About a week ago, a friend linked to a New Yorker article about George RR Martin and all of the “fans” who vilify him for the delays of A Dance with Dragons, the fifth book in his “Song of Ice and Fire” saga. While I read all of the previous books in this series and was aware of the increasing discontent with how long the new book was taking, I had no idea things were this bad.
|Like a picture of Bigfoot|
For those who are unfamiliar, “A Song of Ice and Fire” is a series of fantasy novels set in a low-magic, medieval world. It had drawn a lot of attention for both the intricacies of its politics, and the fact that Martin is unafraid of killing off characters, even beloved main characters. A Feast for Crows, the fourth book in the series – which had also been long delayed – came out in 2005, but only contained story about half the characters and the world. Dragons was meant to be the companion to that, detailing the adventures of the other people and places concurrent to Crows. Over the last several years, fans have gone from eager, to impatient, to angry.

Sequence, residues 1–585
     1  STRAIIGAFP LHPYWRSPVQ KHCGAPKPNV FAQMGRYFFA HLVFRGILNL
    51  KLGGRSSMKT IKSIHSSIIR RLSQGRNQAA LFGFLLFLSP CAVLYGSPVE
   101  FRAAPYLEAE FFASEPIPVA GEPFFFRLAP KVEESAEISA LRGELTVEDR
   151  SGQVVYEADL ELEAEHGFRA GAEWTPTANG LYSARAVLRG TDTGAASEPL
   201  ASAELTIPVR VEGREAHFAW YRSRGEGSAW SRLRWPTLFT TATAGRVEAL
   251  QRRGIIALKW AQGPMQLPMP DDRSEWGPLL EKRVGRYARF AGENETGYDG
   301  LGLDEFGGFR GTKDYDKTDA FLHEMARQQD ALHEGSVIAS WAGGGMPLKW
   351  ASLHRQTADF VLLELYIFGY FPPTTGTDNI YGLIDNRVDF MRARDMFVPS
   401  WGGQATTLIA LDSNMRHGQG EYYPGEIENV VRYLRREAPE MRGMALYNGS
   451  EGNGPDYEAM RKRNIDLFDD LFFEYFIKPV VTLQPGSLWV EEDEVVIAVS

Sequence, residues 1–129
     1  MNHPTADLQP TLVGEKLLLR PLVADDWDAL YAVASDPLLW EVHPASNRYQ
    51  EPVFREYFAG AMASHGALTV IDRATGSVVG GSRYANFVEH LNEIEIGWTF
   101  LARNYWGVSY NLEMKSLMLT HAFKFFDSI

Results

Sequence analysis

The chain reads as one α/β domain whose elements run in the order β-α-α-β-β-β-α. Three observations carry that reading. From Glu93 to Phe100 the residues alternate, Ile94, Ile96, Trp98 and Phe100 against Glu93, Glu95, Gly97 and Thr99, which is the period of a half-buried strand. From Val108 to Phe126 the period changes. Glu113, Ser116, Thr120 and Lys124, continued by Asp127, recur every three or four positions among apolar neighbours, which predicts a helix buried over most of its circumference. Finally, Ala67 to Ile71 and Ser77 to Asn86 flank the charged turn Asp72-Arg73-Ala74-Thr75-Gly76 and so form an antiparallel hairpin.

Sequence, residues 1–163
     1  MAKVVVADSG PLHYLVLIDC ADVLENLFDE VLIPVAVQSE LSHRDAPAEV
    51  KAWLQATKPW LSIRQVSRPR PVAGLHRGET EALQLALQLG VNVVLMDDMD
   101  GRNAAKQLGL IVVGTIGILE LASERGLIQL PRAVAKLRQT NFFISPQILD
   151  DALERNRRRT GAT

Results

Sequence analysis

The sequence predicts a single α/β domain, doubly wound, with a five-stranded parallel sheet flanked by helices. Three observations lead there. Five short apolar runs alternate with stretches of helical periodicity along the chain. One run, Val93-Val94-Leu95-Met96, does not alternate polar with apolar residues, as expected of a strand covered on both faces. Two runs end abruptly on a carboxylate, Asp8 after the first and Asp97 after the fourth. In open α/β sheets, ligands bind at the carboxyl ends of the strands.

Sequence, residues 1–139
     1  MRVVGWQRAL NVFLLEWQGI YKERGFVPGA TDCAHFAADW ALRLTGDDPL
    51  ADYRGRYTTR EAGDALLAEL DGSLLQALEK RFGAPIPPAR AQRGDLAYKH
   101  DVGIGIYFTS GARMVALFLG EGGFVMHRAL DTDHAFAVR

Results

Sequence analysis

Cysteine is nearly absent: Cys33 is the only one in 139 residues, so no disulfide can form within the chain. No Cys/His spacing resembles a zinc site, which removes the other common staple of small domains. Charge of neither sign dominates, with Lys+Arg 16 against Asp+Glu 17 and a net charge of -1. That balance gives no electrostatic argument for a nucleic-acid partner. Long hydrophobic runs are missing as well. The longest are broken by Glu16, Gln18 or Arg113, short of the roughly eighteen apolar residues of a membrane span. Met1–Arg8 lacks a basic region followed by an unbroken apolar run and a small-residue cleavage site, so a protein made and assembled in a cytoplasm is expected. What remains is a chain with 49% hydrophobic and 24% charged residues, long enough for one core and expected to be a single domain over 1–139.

As I read the article, I kept looking for a reason why people feel this way. Why they feel entitled to this book to such a great degree that some angrily and publicly begrudge any time Martin spends on any other pursuit.
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I recently re-read Stephen King’s Dark Tower Saga because, clearly, I have too much time on my hands (see also: starting this blog). Also, Stephen King was one of my favorite authors through high school and college (although I haven’t read his stuff as voraciously since he “retired”), and the Dark Tower was my first introduction to his work. So, it’s always held a special place in my heart and, for the first time since finishing the last book back in 2004, I really wanted to revisit that world.
In any case, even as I was starting the series, I kept thinking about something King does near the ending. And I started musing about how it compared to other devices in other media.